Can Murray Goulburn's aspirations mature?

Murray Goulburn will need to take dramatic action to materially overbid Saputo. But accessing external capital within a cooperative structure will be challenging, and the bidding is far from finished.

With Warrnambool Cheese and Butter’s directors urging their shareholders to accept the Saputo offer, there is a sense of a clock ticking loudly in the Murray Goulburn boardroom if it wants to stay in the takeover game.

With frenzied bidding by the three suits already pushing WCB’s value above $500 million (and the knowledge that the protracted timetable for competition policy approval leaves it at a significant disadvantage to Saputo), Murray Goulburn knows that it would need to materially over-bid the Canadians if it is to convince WCB shareholders to hang on for its offer.

As Saputo is at $9 a share, that probably means Murray Goulburn will have to contemplate something closer to $10 a share – adding another $56 million to its existing $9 a share offer – if it is to persuade the WCB to withdraw its recommendation of the offer from the bidder it clearly prefers.

While there has been speculation that Murray Goulburn will announce plans for an historic raising of external capital to help it fund its ambitions – and it may well do so on Friday – the complexity of creating access to external capital within a co-operative structure and the need to both explain and sell the concept to its existing farmer members means the new capital structure probably won’t be in place in time to fund a revised bid.

That suggests that while Murray Goulburn may well announce its plans to raise capital shortly, it will probably have to rely on its so-far supportive bank lenders to fund an increase in the bid, presumably with the comfort that Murray Goulburn will endeavour to create the new capital structure and pay down the debt as quickly as possible. At least in today’s environment the cost of debt is cheap, which may also underpin the economics of the Saputo offer.

Murray Goulburn has been working on plans for raising equity for some time. The obvious model is the one New Zealand’s Fonterra created last year when it listed a unit trust. The units have the same economic interest as the shares held by its farmers, but don’t carry the voting rights attributable to the shares.

The Fonterra scheme was designed not just to get access to external capital, but to create an ability for its farmer shareholders to trade their shares (or the economic interests underlying the shares) at arms’ length from its own balance sheet. It gives the farmers an opportunity to generate and extract capital for their own purposes without relinquishing their voting rights and control of the giant co-operative.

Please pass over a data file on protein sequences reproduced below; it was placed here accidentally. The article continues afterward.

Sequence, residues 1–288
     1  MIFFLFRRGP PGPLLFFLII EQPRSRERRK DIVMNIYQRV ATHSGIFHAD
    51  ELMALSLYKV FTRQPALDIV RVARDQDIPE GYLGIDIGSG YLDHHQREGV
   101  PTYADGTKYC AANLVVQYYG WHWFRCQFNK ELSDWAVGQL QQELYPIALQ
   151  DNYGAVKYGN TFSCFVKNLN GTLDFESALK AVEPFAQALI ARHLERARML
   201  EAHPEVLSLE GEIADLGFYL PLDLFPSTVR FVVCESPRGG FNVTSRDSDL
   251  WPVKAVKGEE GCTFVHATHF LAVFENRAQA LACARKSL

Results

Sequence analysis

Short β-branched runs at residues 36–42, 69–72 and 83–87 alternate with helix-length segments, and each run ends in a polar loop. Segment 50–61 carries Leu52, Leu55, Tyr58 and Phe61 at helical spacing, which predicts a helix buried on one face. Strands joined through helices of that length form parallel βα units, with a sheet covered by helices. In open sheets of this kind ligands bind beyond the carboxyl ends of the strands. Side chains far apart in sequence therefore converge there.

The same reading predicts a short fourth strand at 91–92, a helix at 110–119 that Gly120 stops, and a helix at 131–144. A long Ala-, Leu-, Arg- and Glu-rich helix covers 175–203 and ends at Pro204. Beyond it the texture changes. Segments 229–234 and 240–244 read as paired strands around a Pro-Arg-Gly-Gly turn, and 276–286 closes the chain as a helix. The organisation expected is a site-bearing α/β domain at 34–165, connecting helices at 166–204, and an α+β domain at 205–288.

Under Gary Helou, Murray Goulburn, traditionally regarded as the conservative giant of the Australian dairy sector, has been galvanised, stripping about $100 million a year out of its cost base and investing aggressively in new processing facilities, including the $120 million investment in milk processing plants to support an agreement it struck this year to supply milk to Coles.

The bid for WCB is an important component of Helou’s ambition of positioning Murray Goulburn to take far greater advantage of the boom in dairy consumption occurring within Asia. It would bring together the two companies’ processing facilities, milk pools and distribution systems in western Victoria, the most productive dairy region in the country. There would be considerable synergies and optionality created by their combination.

At the weekend, Helou provided the context for the intense three-cornered contest between Murray Goulburn, Saputo and Bega Cheese for control of WCB.

He told the ABC’s Inside Business program that the markets within Asia for dairy products were growing at 7 or 8  per cent  year but the capacity to supply those markets was growing at only 2 or 3 per cent. Growth in supply capacity had been zero last year and was expected to be only about 2 per cent this year.

With the Asian economies unable to produce sufficient dairy products to close the gap between supply and demand in a market that is 10 times larger today than it was a decade ago, he expected that gap to widen even further in future.

Given that macro backdrop, the opportunity for Australian dairy is stark and compelling with a potentially massive payoff for those who can take advantage of it. However, with a declining share of dairy export markets and declining volumes it is an opportunity that could be missed.

WCB, as one of the two listed dairy businesses and the one with existing export capacity, is central to any attempt to create a better platform for Australian dairy exports. This is something that has been recognised and capitalised into offers by all three bidders. Bega, sitting on an offer for WCB that is uncompetitive and which has been declared final, would be a second and somewhat less strategic prize.

WCB’s directors have been telling their shareholders that, if they accept the Saputo bid, they will receive their $9 a share of cash within five business days of it becoming unconditional, which they expect to occur on 28 November.

That’s an unusual position to take, given the potential for the bidding to continue and the very real prospect that Murray Goulburn will have another (higher) offer on the table within days.

With about 46 per cent of WCB held by three strategic shareholders – Bega, Murray Goulburn and Japan’s Kirin – there is potentially a long way to go in the tussle for control of WCB. It is probably in the shareholders’ interests at present to regard the Saputo offer as a free option while they wait to see how the saga unfolds.